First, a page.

The 'Death of God' is really just the death of one example metanarrative, which the postmoderns also see as having collapsed as an entire strategy. Nietzsche is quite reasonably claimed as a foundational postmodernist. I argue here that the postmodern critique shifts the focus from talking about what art is, to what it does for people, by changing cultural discourse Does postmodernism in art criticism collapse into relativism? What's its merit? This is Nietzsche's perspective too, that art, dance, laughter, music, can grip us, bind us, shake us out of our malaise and our nihilisms.

Nietzsche's metamorphesees are all necessary steps on the road to creating values, the self-sufficiency of the camel, taking up conflicts with old values of the lion, but the new values arrive from the child:

"Man's maturity: to have regained the seriousness that he had as a child at play." -in Beyond Good & Evil

Nietzsche sees a different future for humanity than others of his time. Through valueing of capacities, we can become 'overgoers', those driven to cross the tightrope over an abyss, from the ape to the angel.

“Man is a rope, fastened between animal and Übermensch – a rope over an abyss.” -Thus Spoke Zarathustra, prologue

That requires someone who can be their own source of values, imbue meaning to their own lives independently of the judgements and concerns of others. Nietzsche published only as few as 60 copies of each of his books, in his own lifetime, but he felt what he had to say was worth dedicating his life to. And I would say history has proved him correct. More awkwardly, one of those Nietzsche celebrated most was Napoleon, but there is historical context to that about the pendulum of French politics seen from Germany, and judgememt before his story was fully played out, I think. Goethe's Faust exemplifies an ubermensch, who gains nearly limitless and worldly power in allegory to those perfecting science and engineering, and yet through his heroes journey is able even still to redeem his soul he bargained against being untemptable by love (and Goethe as scientist, writer, politician, was certainly using his experiences to engage with cultural discourse). Though I can't know if Nietzsche would agree, I also think of VanGogh, who never sold a painting in his lifetime, but who's body of work is now the most valuable of any artist; he pursued his vision against all opposition, and society's failure to value it at the time, to become one of the most influential figures in Western art.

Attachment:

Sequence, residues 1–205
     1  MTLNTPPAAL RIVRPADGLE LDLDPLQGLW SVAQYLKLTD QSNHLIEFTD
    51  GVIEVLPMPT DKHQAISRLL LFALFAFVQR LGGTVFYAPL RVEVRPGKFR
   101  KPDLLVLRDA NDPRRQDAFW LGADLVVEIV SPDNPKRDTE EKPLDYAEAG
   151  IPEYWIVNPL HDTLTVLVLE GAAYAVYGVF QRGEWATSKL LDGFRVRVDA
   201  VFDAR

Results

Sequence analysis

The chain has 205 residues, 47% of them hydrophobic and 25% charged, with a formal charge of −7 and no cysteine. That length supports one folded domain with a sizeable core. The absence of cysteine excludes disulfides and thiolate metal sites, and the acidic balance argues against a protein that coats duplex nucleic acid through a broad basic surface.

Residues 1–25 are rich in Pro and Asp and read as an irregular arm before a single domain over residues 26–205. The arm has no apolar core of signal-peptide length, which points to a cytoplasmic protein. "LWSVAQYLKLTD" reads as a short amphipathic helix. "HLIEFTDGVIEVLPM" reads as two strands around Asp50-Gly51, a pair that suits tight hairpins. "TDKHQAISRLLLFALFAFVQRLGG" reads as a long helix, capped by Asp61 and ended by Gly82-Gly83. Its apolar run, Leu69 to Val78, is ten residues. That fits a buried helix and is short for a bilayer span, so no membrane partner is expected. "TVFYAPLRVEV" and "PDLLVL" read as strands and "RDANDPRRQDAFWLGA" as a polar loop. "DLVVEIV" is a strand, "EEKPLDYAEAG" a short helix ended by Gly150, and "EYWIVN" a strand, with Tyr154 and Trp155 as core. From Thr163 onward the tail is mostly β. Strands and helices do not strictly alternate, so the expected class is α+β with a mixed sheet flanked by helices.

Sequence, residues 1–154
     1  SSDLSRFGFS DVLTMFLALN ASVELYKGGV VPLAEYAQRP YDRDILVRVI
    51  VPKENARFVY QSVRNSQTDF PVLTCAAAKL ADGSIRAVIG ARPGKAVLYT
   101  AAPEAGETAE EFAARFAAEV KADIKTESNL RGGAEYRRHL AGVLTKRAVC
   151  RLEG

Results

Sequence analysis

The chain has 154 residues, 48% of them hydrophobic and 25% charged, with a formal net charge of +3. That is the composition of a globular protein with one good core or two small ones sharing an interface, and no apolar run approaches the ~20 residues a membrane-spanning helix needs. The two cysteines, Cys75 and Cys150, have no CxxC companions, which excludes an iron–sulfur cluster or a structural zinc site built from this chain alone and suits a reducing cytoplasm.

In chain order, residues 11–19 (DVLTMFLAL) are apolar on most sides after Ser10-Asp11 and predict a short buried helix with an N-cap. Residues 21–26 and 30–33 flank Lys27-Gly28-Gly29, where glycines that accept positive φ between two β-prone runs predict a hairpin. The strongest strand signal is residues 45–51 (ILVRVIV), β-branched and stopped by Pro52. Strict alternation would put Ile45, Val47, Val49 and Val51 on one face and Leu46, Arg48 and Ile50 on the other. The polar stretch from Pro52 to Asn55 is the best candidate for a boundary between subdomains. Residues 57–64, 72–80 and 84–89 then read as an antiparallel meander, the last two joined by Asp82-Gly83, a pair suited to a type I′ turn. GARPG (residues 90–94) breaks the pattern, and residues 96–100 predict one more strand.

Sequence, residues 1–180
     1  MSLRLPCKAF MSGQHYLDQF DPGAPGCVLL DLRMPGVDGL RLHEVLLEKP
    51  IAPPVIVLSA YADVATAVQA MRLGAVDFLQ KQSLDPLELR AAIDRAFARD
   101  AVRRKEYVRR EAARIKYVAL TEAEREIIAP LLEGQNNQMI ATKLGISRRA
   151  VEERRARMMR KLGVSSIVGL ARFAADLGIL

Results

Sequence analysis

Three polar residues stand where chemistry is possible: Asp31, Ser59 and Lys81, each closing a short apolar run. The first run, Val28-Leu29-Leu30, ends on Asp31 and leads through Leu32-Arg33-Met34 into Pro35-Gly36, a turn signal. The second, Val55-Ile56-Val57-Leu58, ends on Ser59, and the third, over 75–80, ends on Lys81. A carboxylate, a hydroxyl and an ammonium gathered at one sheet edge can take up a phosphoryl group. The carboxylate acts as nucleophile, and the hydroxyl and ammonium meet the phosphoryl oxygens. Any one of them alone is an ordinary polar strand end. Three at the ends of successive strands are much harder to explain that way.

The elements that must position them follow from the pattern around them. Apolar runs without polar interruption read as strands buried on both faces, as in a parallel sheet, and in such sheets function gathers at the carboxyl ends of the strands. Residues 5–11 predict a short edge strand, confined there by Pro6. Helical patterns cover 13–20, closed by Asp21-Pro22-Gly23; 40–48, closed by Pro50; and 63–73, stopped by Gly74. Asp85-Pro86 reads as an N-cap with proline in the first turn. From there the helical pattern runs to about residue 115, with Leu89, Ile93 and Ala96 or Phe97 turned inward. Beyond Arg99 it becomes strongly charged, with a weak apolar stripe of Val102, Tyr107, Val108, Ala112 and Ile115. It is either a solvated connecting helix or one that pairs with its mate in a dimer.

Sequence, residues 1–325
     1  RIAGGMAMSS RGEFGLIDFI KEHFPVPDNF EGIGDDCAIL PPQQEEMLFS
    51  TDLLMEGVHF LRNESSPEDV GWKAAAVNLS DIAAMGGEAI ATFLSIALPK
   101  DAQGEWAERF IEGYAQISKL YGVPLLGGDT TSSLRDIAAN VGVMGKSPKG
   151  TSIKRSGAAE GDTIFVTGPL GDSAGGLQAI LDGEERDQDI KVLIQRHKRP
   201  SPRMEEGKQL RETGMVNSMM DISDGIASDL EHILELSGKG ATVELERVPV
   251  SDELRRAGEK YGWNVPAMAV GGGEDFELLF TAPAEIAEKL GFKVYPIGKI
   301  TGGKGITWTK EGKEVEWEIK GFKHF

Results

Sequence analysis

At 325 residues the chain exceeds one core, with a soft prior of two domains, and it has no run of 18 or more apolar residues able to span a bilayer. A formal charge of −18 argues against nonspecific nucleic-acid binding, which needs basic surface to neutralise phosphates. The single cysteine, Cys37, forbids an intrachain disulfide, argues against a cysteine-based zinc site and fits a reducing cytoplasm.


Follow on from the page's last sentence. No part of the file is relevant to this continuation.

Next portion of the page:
In a finite life not looking beyond itself, we can see how to come to understand Eternal Recurrance. It means truly living without regret, seeking to live authentically so as to be truly reconciled with the acts of our lives being all we have of ourselves. That requires cultivating capacities, like the camel and lion. But also laying down those skills, going beyond attachment to them, to create. This great article links that to the Apollonian and Dionysian, and amor fati, embracing fate, as a way of making a ladder out of the bones of old ideas that can take us beyond them: Nāgārjuna, Nietzsche, and Rorty’s Strange Looping Trick. I think of how each generation throws up some who say, this isn't enough, or that will not accept what they are told they must, and seek a future to flourish in, demand that.